CES is in full swing now, which means another juicy product launch. This time, Airwolf 3D has lifted the lid on the EVO, an “Additive Manufacturing Center” that it insists no one call a 3D printer. But it totally is.
Taking its product lineup to its fifth generation, California-based Airwolf 3D has treated us all with the full details of its next 3D printer. Called the EVO, it looks every bit deserving of marking a generation jump for the manufacturer.
Coming out the gate with some bold words, Airwolf 3D Co-Founder and CEO Erick Wolf said in a release “We took the technology that we perfected with our prosumer line of 3D printers and leveraged it to develop a machine that’s light years beyond anything else on the market.”
He continues “The EVO is faster, stronger, and more accurate than any desktop 3D printer — it delivers a premium 3D manufacturing experience at less than half the cost of machines that offer equivalent performance.”
The EVO makes use of a dual nozzle print head is controllable via a pretty lavish 7-inch color touchscreen panel. That, and it boasts a unique microcontroller of proprietary design that allows the machine to perform at greater speeds and with greater control than your typical RAMBo board in many other desktop machines.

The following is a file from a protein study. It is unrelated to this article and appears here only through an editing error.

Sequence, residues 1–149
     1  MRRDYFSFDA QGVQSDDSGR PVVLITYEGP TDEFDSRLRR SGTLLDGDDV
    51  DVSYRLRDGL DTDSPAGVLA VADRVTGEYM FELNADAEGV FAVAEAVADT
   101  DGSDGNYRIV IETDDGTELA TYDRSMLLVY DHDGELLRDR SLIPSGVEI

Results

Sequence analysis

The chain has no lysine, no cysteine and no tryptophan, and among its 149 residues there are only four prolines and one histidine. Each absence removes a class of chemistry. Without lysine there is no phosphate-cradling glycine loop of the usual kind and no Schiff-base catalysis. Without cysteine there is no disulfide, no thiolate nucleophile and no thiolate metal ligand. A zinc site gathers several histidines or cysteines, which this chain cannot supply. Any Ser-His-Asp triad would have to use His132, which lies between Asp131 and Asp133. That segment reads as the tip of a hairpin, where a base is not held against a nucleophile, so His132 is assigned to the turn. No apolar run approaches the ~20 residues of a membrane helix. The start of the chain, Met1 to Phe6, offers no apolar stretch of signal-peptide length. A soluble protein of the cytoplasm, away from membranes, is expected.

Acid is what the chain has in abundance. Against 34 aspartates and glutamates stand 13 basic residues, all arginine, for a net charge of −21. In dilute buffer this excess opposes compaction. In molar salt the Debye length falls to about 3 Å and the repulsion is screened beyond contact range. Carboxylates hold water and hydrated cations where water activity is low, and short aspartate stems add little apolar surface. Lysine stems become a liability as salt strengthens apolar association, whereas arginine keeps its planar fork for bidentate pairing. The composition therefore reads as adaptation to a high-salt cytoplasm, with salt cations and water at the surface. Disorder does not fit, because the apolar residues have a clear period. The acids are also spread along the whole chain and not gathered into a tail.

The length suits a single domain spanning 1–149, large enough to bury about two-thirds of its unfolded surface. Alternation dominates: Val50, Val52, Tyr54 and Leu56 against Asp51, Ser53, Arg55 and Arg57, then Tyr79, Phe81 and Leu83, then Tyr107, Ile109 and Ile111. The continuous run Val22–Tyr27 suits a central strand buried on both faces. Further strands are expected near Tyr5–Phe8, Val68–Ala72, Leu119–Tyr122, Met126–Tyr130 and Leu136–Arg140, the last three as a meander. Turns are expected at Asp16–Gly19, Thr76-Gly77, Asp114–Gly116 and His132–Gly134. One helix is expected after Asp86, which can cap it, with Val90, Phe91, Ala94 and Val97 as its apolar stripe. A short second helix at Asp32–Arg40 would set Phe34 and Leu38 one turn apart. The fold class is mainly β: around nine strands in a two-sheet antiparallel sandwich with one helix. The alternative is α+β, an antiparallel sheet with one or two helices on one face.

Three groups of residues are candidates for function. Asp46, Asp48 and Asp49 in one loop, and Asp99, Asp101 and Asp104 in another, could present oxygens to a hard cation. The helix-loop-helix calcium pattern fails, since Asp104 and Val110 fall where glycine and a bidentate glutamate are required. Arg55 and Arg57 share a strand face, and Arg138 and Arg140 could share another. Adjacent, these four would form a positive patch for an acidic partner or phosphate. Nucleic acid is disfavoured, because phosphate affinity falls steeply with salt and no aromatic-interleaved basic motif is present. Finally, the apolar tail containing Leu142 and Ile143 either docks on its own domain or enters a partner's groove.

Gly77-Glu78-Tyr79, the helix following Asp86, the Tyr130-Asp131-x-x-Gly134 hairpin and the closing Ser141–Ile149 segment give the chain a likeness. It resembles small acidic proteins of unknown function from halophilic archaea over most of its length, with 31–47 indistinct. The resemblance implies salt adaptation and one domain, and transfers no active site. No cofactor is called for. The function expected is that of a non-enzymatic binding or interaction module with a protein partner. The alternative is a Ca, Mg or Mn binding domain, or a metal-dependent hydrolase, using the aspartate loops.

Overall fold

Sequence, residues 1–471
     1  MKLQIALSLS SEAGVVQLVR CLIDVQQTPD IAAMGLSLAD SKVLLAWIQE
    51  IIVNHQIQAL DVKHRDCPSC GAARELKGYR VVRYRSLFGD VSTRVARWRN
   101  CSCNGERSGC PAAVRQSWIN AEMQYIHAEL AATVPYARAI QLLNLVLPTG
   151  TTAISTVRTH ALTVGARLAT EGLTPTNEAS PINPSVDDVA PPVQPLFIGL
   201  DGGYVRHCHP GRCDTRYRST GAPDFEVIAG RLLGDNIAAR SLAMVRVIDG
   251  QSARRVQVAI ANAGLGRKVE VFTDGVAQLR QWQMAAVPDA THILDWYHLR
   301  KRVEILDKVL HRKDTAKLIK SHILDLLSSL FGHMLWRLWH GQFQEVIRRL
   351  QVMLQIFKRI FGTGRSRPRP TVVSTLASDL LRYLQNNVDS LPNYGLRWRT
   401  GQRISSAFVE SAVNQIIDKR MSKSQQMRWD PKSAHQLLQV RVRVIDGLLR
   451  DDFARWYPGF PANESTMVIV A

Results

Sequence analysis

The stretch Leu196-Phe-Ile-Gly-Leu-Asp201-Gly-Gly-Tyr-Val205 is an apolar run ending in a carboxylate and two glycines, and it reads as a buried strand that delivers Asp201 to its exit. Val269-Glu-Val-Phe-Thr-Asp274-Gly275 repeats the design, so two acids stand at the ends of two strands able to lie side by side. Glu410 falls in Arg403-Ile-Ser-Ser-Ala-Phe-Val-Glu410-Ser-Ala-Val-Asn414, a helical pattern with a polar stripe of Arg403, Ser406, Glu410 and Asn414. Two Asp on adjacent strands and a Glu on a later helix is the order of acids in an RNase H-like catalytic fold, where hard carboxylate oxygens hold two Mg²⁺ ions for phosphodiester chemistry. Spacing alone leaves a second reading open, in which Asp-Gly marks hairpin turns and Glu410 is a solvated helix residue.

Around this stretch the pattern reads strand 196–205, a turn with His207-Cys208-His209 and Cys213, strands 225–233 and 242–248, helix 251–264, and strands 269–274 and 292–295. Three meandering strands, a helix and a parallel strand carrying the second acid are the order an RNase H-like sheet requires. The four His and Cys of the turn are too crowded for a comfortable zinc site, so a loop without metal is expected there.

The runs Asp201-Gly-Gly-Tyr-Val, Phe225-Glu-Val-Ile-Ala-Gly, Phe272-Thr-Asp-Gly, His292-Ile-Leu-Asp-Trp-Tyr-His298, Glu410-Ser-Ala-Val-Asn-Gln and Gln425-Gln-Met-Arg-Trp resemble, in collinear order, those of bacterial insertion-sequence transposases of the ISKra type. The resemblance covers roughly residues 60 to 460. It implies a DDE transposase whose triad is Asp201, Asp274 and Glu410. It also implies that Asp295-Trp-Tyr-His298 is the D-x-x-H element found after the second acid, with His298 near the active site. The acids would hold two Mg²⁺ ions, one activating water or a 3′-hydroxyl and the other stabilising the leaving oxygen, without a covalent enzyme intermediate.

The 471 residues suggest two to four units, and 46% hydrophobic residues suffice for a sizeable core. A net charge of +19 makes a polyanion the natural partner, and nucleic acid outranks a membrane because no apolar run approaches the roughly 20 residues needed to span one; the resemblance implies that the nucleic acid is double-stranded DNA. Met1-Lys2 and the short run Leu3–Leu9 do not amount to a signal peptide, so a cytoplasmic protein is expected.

There are a number of catchy sounding features debuting on the EVO. First up is PartSave, which the folks at Airwolf 3D affectionately refer to as “Zombie Mode”.
Designed to recover big prints from the likes of otherwise print-killing events like power outages, the feature recalls where the print job was before loss of power. It then resumes the print, continuing from where it left off once power is restored.
Its almost 30-cubic-centimeter build volume is totally enclosed for better performance with sensitive materials, and benefits from probably our favorite feature — an air filter. Touted as an oversized air purification system, the company claims it filters the ultra-fine-particles and volatile organic compounds released into the air from your prints.
Another interesting top-line feature is that the EVO will dry your filament as it feeds into the printer. Integrated into the chamber heating system, it is an ability Airwolf 3D claim aids in manufacturing the “highest quality parts possible”. The printer will retail for $6,995 dollars, and is estimated to start shipping in February.
If you happen to be roaming the halls of CES, you can find Airwolf 3D in the North Hall, booth 8908.
Source: Airwolf 3D
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